Arts & Entertainment, Music, Pop Rhetoric

Cash grab or uninspired choice? Deluxe editions of albums are both

Typically as an artistic or stylistic choice, deluxe editions of albums are released a few months or so following the initial album drop, expanding upon the original record with the inclusion of more songs. With (relatively) recent examples such as Olivia Rodrigo’s GUTS (spilled) (2024) and Tyler, the Creator’s CALL ME IF YOU GET LOST: The Estate Sale (2023), deluxe albums are becoming an increasingly common fixture in the music industry. But are deluxe albums truly necessary? 

Personally, I find deluxe albums pretty pointless. While I understand the financial or artistic appeal of releasing new music in this format, the songs often render the album less cohesive as a whole. Almost like an afterthought, the songs from deluxe editions of albums usually stick out and don’t feel like a necessary part of the original. Even though the songs can sometimes be great, it is hard to tack new songs onto the end of an album, especially after most albums have a distinct final song that signifies the end of an album. Attempting to add more songs after a strong closer makes the album feel more confusing, especially as most deluxe editions generally don’t close in the same manner. 

Furthermore, the songs on deluxe editions are often of a lesser quality than those on the standard tracklist. For instance, on Taylor Swift’s 2010 album Speak Now, the songs released on the extended edition were, in my opinion, notably weaker, particularly in terms of the slightly boring songwriting. Lately, Swift has been rerecording her old music and adding “from the vault” tracks to her albums as an excuse to further extend the already deluxe edition. Bloated with these extra songs, her 2021 rerecording of Red (Taylor’s Version) clocked in at a whopping two hours and ten minutes. As someone who mostly enjoys listening to music by playing through a full album, when would I ever have time to listen to this in one sitting?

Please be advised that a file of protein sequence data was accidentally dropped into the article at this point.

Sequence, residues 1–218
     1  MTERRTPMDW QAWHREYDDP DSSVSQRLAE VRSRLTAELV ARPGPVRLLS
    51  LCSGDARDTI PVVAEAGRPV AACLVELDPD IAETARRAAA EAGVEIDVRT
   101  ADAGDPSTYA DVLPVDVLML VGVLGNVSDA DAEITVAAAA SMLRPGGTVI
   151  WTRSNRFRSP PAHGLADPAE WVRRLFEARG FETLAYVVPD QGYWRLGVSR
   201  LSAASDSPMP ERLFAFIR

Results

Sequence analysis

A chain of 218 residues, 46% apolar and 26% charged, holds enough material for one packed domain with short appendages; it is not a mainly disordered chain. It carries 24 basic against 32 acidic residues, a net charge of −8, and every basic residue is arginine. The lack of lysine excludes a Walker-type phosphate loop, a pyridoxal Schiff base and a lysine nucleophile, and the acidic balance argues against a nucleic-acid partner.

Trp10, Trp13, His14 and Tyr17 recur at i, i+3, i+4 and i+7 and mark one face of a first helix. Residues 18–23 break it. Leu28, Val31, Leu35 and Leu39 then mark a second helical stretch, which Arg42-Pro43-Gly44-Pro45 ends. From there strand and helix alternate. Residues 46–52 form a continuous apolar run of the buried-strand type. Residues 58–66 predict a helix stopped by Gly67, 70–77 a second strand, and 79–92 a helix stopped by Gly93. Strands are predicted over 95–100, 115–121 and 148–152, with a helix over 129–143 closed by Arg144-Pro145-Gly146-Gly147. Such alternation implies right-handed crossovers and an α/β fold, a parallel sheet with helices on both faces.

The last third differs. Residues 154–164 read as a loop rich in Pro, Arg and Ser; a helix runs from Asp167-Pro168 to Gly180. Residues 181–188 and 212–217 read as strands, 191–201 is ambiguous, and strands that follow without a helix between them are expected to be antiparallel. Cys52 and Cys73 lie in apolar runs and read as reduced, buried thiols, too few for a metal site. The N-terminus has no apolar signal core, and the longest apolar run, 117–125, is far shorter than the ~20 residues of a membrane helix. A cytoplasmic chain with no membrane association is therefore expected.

Most of the time, deluxe editions feel like an unimaginative cash grab rather than the result of an artist’s genuine creative impulse. The attention surrounding a deluxe album release can be almost as big as that of the initial album rollout, helping to raise the artist’s profile and bolster their streaming numbers. With streaming platforms like Spotify keeping the original album addition available, deluxe editions also expand the album’s outreach, thus further increasing its potential for streams. If a deluxe edition is just going to include one extra song, like Swift’s folklore (deluxe edition) (2020), why not just include it on the original album in the first place? Similarly, if a deluxe edition is going to be upwards of five songs, why not just release an additional EP or a full-length album instead? It feels like a lapse in creativity; instead of taking the time to craft a new album to satisfy their fans, an artist is just repurposing songs that purposefully weren’t included on the album in the first place. 
Deluxe albums certainly aren’t going anywhere, but that doesn’t mean we have to enjoy them. In an ideal world, artists would take a cue from Lana Del Rey; the (former) indie artist extended her 2012 album Born to Die by releasing Paradise as both a deluxe edition of the former album and as a standalone EP. If an artist feels like an album is unfinished when it’s released, they shouldn’t release the original album in that state. But if there is a dire need to release songs that didn’t make it onto a record, an artist should at least try to separate it and release a new EP or album with those songs.

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